Risk of Ototoxicity Due to Mitochondrial DNA Variants
Cases of ototoxicity with aminoglycosides have been observed in patients with certain variants in the mitochondrially encoded 12S rRNA gene (MT-RNR1) , particularly the m.1555A>G variant. Ototoxicity occurred in some patients even when their aminoglycoside serum levels were within the recommended range. Mitochondrial DNA variants are present in less than 1% of the general US population, and the proportion of the variant carriers who may develop ototoxicity as well as the severity of ototoxicity is unknown. In case of known maternal history of ototoxicity due to aminoglycoside use or a known mitochondrial DNA variant in the patient, consider alternative treatments other than aminoglycosides unless the increased risk of permanent hearing loss is outweighed by the severity of infection and lack of safe and effective alternative therapies.
Nephrotoxicity was not seen during clinical studies with tobramycin inhalation solution but has been associated with aminoglycosides as a class. Patients with known or suspected renal dysfunction or taking concomitant nephrotoxic drugs along with tobramycin inhalation solution should have serum concentrations of tobramycin and laboratory measurements of renal function obtained at the discretion of the treating physician. If nephrotoxicity develops, the patient should be managed as medically appropriate, including potentially discontinuing tobramycin inhalation solution.
Aminoglycosides, including tobramycin, may aggravate muscle weakness because of a potential curare-like effect on neuromuscular function. Neuromuscular blockade, respiratory failure, and prolonged respiratory paralysis may occur more commonly in patients with underlying neuromuscular disorders, such as myasthenia gravis or Parkinson’s disease. Prolonged respiratory paralysis may also occur in patients receiving concomitant neuromuscular blocking agents. If neuromuscular blockade occurs, it may be reversed by the administration of calcium salts but mechanical assistance may be necessary.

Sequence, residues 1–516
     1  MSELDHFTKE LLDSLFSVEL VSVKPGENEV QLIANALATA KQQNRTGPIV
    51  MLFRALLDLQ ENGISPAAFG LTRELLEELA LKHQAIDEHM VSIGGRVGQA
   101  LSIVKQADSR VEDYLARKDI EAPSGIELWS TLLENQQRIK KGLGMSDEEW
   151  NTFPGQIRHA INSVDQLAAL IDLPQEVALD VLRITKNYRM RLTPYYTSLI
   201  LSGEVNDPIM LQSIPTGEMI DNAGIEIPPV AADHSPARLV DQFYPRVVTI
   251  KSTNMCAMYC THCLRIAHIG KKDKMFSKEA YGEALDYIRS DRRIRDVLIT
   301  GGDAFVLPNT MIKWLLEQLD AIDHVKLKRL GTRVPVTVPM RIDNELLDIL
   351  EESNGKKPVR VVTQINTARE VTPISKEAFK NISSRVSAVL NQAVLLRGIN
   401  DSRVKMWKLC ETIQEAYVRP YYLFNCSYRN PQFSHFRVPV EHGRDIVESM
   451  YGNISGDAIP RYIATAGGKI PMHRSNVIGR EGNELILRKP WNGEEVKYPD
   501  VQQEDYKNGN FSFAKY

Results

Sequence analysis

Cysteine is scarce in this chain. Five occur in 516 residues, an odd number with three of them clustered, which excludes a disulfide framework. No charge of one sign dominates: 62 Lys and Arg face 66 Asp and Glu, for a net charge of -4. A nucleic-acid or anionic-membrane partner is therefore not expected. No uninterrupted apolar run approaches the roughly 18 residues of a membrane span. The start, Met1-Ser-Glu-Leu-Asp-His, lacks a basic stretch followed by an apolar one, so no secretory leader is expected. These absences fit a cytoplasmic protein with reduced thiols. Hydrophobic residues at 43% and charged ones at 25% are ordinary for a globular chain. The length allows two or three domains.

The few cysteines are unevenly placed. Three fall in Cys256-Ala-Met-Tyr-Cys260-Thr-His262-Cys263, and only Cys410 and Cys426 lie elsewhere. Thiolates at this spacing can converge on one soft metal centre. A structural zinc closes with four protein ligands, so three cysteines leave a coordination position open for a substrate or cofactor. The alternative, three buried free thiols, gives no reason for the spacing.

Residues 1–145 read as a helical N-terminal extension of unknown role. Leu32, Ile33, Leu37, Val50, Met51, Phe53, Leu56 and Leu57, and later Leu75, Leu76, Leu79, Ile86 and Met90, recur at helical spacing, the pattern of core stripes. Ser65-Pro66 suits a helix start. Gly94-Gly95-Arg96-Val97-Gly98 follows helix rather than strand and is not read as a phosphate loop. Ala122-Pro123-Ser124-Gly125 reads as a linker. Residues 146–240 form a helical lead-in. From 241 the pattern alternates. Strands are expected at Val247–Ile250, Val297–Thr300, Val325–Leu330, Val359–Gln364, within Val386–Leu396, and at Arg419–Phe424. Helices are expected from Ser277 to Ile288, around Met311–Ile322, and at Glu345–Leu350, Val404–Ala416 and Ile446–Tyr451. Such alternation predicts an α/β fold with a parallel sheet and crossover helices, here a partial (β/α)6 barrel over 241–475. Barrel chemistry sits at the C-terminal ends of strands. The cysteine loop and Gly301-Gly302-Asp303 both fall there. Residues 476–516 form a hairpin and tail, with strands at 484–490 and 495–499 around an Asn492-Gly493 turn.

Aminoglycosides can cause fetal harm when administered to a pregnant woman. Aminoglycosides cross the placenta, and streptomycin has been associated with several reports of total, irreversible, bilateral congenital deafness in pediatric patients exposed in utero. However, systemic absorption of tobramycin following inhaled administration is expected to be minimal [see Clinical Pharmacology (12.3)]. Patients who use tobramycin inhalation solution during pregnancy, or become pregnant while taking tobramycin inhalation solution should be apprised of the potential hazard to the fetus [see Use in Specific Populations (8.1)].
Patients receiving concomitant tobramycin inhalation solution and parenteral aminoglycoside therapy should be monitored as clinically appropriate for toxicities associated with aminoglycosides as a class. Serum tobramycin levels should be monitored.
- Bronchospasm [see Warnings and Precautions (5.1)]
- Ototoxicity [see Warnings and Precautions (5.2)]
- Nephrotoxicity[see Warnings and Precautions (5.3)]
- Neuromuscular Disorders [see Warnings and Precautions (5.4)]
- Embryo-fetal Toxicity [see Warnings and Precautions (5.5)]
- Concomitant Use of Systemic Aminoglycosides [see Warnings and Precautions (5.6)]